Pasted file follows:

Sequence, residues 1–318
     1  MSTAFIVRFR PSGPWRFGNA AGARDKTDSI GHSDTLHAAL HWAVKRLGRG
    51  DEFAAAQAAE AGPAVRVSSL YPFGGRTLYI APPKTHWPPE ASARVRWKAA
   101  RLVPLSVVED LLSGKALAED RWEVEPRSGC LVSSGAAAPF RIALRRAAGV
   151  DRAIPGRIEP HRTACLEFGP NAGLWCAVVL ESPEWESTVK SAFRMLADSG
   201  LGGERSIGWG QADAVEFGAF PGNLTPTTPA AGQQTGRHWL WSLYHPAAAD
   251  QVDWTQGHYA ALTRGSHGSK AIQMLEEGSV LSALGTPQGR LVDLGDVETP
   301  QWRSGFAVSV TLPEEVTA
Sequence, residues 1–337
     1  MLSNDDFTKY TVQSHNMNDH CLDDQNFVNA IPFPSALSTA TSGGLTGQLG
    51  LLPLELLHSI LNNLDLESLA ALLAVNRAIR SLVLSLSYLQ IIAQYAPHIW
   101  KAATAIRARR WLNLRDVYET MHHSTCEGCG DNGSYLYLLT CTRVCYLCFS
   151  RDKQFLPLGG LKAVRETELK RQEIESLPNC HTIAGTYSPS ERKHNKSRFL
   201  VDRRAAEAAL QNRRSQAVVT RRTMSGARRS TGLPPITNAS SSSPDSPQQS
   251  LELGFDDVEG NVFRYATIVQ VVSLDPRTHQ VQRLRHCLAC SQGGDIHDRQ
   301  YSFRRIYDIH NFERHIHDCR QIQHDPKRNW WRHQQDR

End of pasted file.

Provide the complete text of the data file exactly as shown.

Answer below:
Sequence, residues 1–318
     1  MSTAFIVRFR PSGPWRFGNA AGARDKTDSI GHSDTLHAAL HWAVKRLGRG
    51  DEFAAAQAAE AGPAVRVSSL YPFGGRTLYI APPKTHWPPE ASARVRWKAA
   101  RLVPLSVVED LLSGKALAED RWEVEPRSGC LVSSGAAAPF RIALRRAAGV
   151  DRAIPGRIEP HRTACLEFGP NAGLWCAVVL ESPEWESTVK SAFRMLADSG
   201  LGGERSIGWG QADAVEFGAF PGNLTPTTPA AGQQTGRHWL WSLYHPAAAD
   251  QVDWTQGHYA ALTRGSHGSK AIQMLEEGSV LSALGTPQGR LVDLGDVETP
   301  QWRSGFAVSV TLPEEVTA
Sequence, residues 1–337
     1  MLSNDDFTKY TVQSHNMNDH CLDDQNFVNA IPFPSALSTA TSGGLTGQLG
    51  LLPLELLHSI LNNLDLESLA ALLAVNRAIR SLVLSLSYLQ IIAQYAPHIW
   101  KAATAIRARR WLNLRDVYET MHHSTCEGCG DNGSYLYLLT CTRVCYLCFS
   151  RDKQFLPLGG LKAVRETELK RQEIESLPNC HTIAGTYSPS ERKHNKSRFL
   201  VDRRAAEAAL QNRRSQAVVT RRTMSGARRS TGLPPITNAS SSSPDSPQQS
   251  LELGFDDVEG NVFRYATIVQ VVSLDPRTHQ VQRLRHCLAC SQGGDIHDRQ
   301  YSFRRIYDIH NFERHIHDCR QIQHDPKRNW WRHQQDR